With digital technology growing cheaper by the day and becoming widely available for marketing purposes, companies are going into overdrive to fill every bit of ad space they can find. Following are a few articles covering this phenomenon.

“What all marketers are dealing with is an absolute sensory overload,” said Gretchen Hofmann, executive vice president of marketing and sales at Universal Orlando Resort. The landscape is “overly saturated” as companies press harder to make their products stand out, she said.

Media and tech companies are falling over themselves trying to get more and more media content onto more and more platforms. Web video on your TV! Music and games on your cellphone! Downloaded movies on your home-office PC hard drive transmitted to your living room home entertainment system!

As I am sure advertising will become part of these platforms, the IPod case brought to you by Google in conjunction with BASF and so forth and amid the growing utilization of technology to press brand management I wanted to focus on a tried yet true method of product marketing, the in-store sample. Due to some recent weather issues I was unable to gather my weekly groceries on my regular schedule, when the least possible amount of annoyances are present. Instead I hit my local Target at noon on Saturday. At the head of every aisle was an employee pushing a sample of juice, granola or frozen organic pizza. As I tried vehemently to proceed down each aisle I was halted by two to three people surrounding the sample cart.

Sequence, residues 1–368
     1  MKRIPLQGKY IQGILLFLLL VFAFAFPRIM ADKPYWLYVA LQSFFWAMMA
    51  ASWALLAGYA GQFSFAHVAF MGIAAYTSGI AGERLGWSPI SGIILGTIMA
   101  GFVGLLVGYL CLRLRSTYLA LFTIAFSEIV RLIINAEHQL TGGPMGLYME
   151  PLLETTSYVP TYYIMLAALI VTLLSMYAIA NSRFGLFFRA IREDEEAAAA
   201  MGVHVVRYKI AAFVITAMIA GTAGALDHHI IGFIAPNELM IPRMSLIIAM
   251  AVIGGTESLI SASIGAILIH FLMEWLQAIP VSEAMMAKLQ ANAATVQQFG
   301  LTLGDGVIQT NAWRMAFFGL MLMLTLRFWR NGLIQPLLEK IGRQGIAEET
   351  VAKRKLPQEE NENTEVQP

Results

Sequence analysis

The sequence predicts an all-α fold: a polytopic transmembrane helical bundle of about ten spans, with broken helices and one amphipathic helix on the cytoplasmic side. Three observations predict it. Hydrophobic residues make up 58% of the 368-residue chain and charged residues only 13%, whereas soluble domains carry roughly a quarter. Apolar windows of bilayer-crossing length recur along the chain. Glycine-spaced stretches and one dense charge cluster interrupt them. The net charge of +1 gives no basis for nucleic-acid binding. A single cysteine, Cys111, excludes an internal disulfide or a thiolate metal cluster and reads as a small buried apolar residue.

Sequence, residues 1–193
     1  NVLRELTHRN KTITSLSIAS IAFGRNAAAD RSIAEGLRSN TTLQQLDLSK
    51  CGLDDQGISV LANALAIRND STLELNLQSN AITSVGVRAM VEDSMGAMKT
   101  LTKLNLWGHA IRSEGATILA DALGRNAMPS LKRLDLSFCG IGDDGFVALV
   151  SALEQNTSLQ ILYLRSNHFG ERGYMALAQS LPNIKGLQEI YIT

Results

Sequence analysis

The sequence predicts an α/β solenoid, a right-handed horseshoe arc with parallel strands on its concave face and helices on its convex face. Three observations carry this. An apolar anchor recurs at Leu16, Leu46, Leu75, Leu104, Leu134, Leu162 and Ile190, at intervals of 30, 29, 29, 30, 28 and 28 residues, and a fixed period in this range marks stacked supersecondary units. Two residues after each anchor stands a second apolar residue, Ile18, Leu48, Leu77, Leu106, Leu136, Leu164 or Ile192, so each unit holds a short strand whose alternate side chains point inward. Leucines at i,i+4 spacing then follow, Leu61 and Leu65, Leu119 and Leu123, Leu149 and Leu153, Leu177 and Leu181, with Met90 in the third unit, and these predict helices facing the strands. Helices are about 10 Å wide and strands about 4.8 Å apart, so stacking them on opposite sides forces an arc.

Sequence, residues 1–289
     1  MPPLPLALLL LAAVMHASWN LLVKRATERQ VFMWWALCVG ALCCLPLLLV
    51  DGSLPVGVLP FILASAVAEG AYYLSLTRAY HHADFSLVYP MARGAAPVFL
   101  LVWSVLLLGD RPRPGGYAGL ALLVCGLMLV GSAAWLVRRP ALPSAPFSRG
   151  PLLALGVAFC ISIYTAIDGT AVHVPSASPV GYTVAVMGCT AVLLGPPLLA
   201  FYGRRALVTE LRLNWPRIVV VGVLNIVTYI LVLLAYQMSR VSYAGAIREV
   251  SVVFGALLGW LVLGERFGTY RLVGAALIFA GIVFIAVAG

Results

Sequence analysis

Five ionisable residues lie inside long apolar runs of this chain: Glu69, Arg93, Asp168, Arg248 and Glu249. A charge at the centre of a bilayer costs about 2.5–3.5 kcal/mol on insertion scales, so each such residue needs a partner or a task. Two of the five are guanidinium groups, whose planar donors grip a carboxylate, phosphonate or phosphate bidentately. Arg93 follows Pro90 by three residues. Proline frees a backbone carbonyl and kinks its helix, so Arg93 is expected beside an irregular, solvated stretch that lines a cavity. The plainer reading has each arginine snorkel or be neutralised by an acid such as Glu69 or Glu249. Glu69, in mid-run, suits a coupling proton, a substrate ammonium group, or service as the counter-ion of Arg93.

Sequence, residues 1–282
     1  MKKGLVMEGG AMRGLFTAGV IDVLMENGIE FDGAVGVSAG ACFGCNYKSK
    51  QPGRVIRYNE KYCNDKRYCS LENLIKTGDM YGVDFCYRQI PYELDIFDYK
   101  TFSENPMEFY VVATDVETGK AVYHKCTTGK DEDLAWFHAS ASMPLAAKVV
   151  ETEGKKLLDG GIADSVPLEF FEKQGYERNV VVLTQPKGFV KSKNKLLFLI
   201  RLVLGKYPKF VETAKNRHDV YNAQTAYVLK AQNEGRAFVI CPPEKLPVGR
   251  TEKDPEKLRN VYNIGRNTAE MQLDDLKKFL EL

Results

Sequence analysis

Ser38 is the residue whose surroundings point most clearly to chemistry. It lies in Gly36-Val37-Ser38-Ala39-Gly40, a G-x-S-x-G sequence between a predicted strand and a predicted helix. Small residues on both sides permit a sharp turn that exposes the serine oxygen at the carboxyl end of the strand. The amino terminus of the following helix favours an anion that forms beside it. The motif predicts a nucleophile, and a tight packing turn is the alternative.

This week I also made it to Target on Saturday, witnessed the same sample carts and decided to stop off for some coffee at the Starbucks and observe. Several times I witnessed a patron coming around the corner of an aisle, stopping to check out the offering, exactly what the store and it’s suppliers want. Meanwhile, there are two to three people stopped behind the sample consumer, slowly getting irritated. By the time this happens four or five times, everyone is in a mad dash for the registers already fed up with the shopping trip. By the time I am finished, there are typically three or four items I have forgotten because I am tired of being in the store, purchases that go to the grocery store up the street.

There has recently been a viral marketing backlash.

Videos such as “Bride Has Massive Hair Wig Out” and those posted by Lonelygirl15 on You Tube may help sell products or kick-start a budding actor’s career. But they also have a more pernicious effect on our tendency to trust what seems genuine.

“I can’t see how they don’t make people more cynical,” says Gillian Watson, a social psychologist at the University of British Columbia.

As business and other pursuits take more of our time, can we expect this same backlash against traditional marketing techniques that interupt our schedules? Are markets that over-utilize the in-store sample loosing sales at the expense of increased purchases of a few items?  Regardless, I probably need to take a few deep breaths before my next trip to the store.

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